Syrian refugee student, Edmonton teacher write a novel

The book, 'Homes,' is a product of a trust between refugee teen Abu Bakr al Rabeeah and Winnie Canuel

OTTAWA – What’s your secret wish?

That’s the first question teacher Winnie Canuel asks her students at the start of English as a second language classes at her Edmonton school.

For Abu Bakr al Rabeeah, an Iraqi refugee from Syria, there were two answers. First, he wanted to be a soccer player. But second, and perhaps more urgently, he wanted to tell his story.

This week, that wish was realized in a way the soft-spoken 15-year-old never imagined: it was published in a book.

Al Rabeeah and Canuel began working together last fall, about six months after his family arrived in Canada as 10 of the 23,000 Iraqi refugees who’ve settled here since 2009.

As they talked, he relayed stories of his early childhood in Iraq, such as being slapped in the face by his Grade 2 teacher for being a Sunni Muslim.

Escalating tensions between Sunnis and Shias forced his family to flee Iraq and seek refugee status in Syria in 2010.

The next year, the Syrian civil war broke out. Every night at dusk, he told Canuel, a sniper would climb to the roof of his family’s apartment building and use it as a base to fire at anti-government rebels living in the streets below.

His family lived with the war for three years before being brought to Canada via the United Nations.

During their discussions, his English grew stronger and so did his confidence. In Canuel, he said, he found a teacher he’d never have encountered at home.

“I trusted her,” he said.

Canuel had long thought about writing a book of her own, telling friends she was waiting for the right story to find her. In listening to al Rabeeah talk about his family and his experiences, she found it.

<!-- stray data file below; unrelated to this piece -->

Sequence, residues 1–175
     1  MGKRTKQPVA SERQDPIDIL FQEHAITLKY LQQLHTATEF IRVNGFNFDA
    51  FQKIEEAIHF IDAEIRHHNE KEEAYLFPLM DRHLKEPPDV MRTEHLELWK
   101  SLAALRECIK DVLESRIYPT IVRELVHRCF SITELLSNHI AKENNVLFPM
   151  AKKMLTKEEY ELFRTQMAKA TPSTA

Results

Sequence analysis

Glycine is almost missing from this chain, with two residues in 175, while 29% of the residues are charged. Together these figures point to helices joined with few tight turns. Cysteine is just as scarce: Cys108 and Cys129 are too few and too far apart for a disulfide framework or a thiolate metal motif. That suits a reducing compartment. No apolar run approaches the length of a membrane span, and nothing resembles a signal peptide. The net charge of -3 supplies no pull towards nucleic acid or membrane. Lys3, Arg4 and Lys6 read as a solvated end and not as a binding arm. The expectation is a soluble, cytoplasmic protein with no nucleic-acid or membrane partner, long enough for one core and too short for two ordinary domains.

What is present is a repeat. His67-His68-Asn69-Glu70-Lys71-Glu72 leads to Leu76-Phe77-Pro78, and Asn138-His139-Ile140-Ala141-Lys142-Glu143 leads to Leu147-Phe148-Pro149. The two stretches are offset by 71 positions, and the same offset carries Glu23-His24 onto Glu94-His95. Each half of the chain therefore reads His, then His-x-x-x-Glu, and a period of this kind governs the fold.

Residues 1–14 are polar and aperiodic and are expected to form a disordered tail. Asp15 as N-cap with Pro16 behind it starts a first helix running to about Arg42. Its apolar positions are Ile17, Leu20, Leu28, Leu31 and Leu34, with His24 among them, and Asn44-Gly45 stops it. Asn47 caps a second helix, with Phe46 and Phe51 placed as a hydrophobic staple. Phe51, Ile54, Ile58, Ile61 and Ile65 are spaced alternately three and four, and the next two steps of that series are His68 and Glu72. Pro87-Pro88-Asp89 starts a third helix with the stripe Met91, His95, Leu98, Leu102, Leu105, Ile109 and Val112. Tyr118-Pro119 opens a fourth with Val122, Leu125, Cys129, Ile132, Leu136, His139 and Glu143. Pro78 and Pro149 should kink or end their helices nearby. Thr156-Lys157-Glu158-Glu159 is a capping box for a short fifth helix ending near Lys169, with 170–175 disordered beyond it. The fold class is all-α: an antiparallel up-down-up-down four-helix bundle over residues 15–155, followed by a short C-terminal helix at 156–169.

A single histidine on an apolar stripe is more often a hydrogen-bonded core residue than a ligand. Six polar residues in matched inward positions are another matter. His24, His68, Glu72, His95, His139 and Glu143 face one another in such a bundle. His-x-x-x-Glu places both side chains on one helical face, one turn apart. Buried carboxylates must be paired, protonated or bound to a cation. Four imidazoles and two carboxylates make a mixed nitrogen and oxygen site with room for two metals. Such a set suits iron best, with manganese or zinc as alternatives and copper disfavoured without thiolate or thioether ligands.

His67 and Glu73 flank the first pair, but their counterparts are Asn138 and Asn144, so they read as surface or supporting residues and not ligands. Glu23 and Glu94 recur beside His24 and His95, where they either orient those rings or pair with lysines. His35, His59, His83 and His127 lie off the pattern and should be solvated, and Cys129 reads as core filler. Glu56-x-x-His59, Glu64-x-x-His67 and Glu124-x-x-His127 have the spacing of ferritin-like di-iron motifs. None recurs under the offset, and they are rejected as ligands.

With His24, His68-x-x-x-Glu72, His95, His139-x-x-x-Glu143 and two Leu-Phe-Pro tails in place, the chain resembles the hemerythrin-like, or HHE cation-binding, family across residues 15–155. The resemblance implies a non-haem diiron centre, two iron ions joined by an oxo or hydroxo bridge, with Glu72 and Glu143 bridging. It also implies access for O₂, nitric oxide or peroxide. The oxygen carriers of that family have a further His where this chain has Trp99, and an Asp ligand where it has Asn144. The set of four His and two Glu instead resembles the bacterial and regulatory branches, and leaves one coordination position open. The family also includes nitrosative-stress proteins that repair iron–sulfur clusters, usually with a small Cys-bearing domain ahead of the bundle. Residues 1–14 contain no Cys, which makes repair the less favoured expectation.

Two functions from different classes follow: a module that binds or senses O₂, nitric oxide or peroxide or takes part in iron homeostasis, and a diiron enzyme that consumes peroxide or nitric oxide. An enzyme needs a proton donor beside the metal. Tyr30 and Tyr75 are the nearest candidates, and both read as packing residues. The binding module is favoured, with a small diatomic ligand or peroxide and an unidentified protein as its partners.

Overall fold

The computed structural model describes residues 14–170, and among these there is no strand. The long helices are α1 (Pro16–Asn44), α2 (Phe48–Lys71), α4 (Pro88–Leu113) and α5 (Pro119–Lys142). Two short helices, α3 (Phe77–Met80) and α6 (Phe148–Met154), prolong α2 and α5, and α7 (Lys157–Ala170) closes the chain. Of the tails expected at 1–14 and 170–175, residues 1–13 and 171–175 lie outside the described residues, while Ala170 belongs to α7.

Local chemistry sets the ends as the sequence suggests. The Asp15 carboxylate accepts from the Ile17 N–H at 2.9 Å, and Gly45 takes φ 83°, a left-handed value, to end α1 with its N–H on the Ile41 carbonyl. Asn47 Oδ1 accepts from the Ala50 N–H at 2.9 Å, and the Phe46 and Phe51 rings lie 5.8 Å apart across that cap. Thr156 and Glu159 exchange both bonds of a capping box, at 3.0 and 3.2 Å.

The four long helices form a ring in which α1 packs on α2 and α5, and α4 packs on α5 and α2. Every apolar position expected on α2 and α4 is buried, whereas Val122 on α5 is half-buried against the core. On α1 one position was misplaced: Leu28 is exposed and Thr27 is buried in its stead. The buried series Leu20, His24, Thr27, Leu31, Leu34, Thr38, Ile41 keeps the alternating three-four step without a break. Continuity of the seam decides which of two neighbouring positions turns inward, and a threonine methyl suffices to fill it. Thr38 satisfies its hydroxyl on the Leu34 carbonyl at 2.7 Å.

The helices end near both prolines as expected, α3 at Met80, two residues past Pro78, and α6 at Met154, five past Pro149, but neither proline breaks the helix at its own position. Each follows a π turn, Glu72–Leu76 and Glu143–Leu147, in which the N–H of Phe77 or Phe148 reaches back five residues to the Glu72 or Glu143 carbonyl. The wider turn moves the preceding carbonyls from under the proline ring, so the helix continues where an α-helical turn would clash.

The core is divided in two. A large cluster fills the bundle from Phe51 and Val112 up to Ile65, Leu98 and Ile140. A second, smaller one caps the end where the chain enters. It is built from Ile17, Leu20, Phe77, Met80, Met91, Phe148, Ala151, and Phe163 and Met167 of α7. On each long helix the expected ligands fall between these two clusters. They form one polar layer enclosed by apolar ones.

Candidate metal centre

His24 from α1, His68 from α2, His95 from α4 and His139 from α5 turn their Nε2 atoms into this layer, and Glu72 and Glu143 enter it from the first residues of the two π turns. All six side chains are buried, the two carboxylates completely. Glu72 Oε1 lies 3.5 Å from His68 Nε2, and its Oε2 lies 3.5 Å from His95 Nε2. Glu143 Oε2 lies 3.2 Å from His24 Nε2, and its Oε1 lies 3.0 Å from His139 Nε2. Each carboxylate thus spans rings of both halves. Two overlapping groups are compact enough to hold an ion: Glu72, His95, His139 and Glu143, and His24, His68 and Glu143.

“Yes, there are massacres and car bombs in his background, yet it’s ultimately about a love of a family and the resiliency of the human experience, that is what we should carry away from this,” she said.

“That’s universal.”

The novel they wrote together, called “Homes,” is now for sale in Edmonton bookstores and online.

For al Rabeeah, the goal is to help people understand that behind all the Syrian refugees now coming into Canada there are stories. Too many people only see him as a refugee, he said.

“It makes me feel outside of the community, not with them,” he said.

Canuel said she’s lucky. Her school gave her the time and the money to work one-on-one with al Rabeeah and he arrived long before the influx of Syrian refugees began challenging schools across the country.

About 60 per cent of Syrians are under 14, placing unprecedented pressure on the system.

The Calgary Board of Education has seen 414 Syrians enrol, the equivalent of an entire new school. The $2.6 million to help them came out of the board’s existing budget, forcing changes elsewhere, like increases in class sizes.

“Given that they have some significant complex needs and they are war-torn, traumatized, and require significant supports, we are frustrated in the fact that neither the provincial nor the federal government is taking responsibility to assist school boards in working with these students,” Joy Bowen-Eyre, a member of the Calgary board, recently told a parliamentary committee.

In the Peel Region board outside Toronto, where the first language of 60 per cent of students isn’t French or English, educators are being equally challenged.

“Most of the students in grades 3 and up have large gaps in education due to limited prior schooling,” Zaiba Beg, the co-ordinator for the board’s ESL programs, told the committee.

“As a result, they require more intensive programs in order to accelerate their learning.”

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